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Sunday night was characterized by a whole slew of "new" songs – "Vultures", "Dirt", "Heavy Things", "Gotta Jiboo", "This is a Farmhouse", and "First Tube". To a serious touring Phish fan, some of these songs seemed as old as hell. For the older fans (or Phish virgins) who only buy officially released Phish albums and make their rare Phish concert appearances at New England shows, these songs were as fresh as the cold weather that was settling on the Northeast. "This is a Farmhouse", which first debuted on the Conan O Brien Late Show in 1997, is an unofficial anthem to the band’s rural disposition while "First Tube" is an instrumental progressive workout reminiscent of 1980s King Crimson. In addition to "First Tube", the tunes "Heavy Things" and "Gotta Jiboo" were heard by many New Englanders during Trey Anastasio’s recent solo tour through Portland, Maine and Albany. After hearing these songs again, it was quickly ascertained that Anastasio’s solo tour was simply a medium for working out new Phish songs. This factor also lent to the general feeling that Anastasio was still controlling the helm of the great Phish phenomena. Although their have been a few collectively written songs and general transition towards group improvisation, Anastasio (with the help of longtime friend and lyricist Tom Marshall) is undoubtedly the creative writing force behind the band these days.

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There were numerous opportunities for Anastasio to show his virtuosity through his mastery of effects pedals, controlled distortion and the sparkling of textured solos, but to compensate for the disparity in the band’s creative input, Anastasio attempted to downplay his guitar work. The largest piece of evidence of Anastasio’s "credo of non-soloing" arrived with Saturday evening’s encore "Slave to the Traffic Light", which dates back to the late 1980s as being part of Phish’s repertoire. The song begins with a collective instrumental, then a reggae rhythm singing section and finally, an extended escalating jam. In "Slave to the Traffic Lights" of yore, the closing jam was basically a drawn out Anastasio solo with the remaining three members accentuating the "climbing" feel to the song. For this Albany show, Anastasio chose not to solo throughout the song's climax and simply played chords to complement the songs build. The basic song shell was still there, but the internal components were significantly different.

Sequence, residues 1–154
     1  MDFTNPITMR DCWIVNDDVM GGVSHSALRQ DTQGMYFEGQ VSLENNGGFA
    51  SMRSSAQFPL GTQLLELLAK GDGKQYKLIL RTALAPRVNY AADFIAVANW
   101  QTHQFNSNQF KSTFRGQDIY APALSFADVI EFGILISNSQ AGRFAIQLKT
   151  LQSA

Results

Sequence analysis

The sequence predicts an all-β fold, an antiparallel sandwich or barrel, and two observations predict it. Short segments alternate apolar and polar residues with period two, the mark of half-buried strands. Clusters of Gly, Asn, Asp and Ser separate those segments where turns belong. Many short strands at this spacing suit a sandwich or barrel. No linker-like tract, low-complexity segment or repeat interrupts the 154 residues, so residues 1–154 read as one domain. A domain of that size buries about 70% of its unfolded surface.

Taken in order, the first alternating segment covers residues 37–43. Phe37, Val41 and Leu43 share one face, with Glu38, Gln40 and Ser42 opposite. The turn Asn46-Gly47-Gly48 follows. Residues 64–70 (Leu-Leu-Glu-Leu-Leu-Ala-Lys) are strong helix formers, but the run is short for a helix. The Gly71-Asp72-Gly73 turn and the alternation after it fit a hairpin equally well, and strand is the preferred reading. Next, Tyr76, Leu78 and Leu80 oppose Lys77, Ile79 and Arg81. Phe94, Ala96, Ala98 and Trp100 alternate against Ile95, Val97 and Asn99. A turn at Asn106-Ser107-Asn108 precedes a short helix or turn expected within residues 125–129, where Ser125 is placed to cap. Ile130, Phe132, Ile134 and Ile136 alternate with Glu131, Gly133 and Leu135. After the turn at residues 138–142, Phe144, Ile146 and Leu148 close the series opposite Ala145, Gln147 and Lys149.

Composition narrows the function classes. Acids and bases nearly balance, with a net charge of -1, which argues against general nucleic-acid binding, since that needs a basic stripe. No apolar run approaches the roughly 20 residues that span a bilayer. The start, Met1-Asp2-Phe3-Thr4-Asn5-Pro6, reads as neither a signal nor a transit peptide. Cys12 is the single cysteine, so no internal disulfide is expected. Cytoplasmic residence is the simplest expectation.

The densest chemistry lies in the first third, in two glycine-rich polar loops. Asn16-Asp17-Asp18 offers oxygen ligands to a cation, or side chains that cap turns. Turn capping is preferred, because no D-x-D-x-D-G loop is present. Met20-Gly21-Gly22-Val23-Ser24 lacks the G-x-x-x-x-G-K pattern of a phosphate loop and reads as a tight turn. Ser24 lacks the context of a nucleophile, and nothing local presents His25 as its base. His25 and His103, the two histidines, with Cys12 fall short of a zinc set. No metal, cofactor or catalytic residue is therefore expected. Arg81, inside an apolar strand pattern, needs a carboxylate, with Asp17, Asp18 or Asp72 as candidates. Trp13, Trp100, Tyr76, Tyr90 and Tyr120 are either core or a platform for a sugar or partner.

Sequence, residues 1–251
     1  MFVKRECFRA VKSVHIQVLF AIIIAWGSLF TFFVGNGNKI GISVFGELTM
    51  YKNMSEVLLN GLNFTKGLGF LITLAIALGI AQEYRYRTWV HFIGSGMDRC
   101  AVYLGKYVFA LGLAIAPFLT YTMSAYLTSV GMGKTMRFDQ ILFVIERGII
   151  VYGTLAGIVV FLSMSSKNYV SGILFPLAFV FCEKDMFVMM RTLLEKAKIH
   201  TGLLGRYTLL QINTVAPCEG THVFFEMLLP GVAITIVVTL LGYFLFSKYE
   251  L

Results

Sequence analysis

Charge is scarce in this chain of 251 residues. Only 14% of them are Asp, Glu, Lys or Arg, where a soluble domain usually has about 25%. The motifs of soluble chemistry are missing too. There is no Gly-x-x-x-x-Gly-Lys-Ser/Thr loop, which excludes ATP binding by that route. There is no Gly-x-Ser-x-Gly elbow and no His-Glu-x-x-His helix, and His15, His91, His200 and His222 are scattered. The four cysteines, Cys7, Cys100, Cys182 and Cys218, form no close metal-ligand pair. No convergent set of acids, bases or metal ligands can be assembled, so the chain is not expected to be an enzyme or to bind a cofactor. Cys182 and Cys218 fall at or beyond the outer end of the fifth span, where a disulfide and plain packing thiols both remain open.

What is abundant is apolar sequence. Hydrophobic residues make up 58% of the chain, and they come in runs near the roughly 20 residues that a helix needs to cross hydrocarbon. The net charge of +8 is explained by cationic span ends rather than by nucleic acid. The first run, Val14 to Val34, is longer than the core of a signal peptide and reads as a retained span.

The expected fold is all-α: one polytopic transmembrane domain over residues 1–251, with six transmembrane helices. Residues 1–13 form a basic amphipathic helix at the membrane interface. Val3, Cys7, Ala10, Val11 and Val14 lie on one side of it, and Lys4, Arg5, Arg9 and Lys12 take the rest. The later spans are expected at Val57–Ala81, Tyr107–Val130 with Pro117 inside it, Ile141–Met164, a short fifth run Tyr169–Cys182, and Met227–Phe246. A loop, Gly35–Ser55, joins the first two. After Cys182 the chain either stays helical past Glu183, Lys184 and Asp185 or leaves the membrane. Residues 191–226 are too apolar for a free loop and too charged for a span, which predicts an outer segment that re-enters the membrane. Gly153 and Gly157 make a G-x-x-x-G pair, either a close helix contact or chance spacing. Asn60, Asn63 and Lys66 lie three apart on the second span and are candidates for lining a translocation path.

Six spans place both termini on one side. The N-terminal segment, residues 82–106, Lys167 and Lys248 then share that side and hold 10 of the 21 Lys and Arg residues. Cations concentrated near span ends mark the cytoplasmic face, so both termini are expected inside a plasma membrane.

Mike Gordon also contributed with a few of his own songs on both nights. Saturday evening hailed witness to the goofy yet jamming "Simple" while Sunday featured the soft and melodic "Train Song." While speaking with Richard Gehr, the author of The Phish Book, keyboardist Page McConnell described the incarnation of the song "Simple" and, ultimately, the Phish songwriting process: " Even though we came up with the arrangement together, "Simple" was definitely Mike’s tune in terms of lyrics and melody. Trey sometimes gives us credit for songs he'’ written as much as Mike wrote this one, and we’ve all made contributions to the Marshall/Anastasio songs along the way. But on occasion Trey will generously say ‘Let’s call it a band composition,’ even though I might not have had any more to do with the song than I did with another one. He doesn’t have to do it, but it’s a nice gesture."(The Phish Book, pg. 161)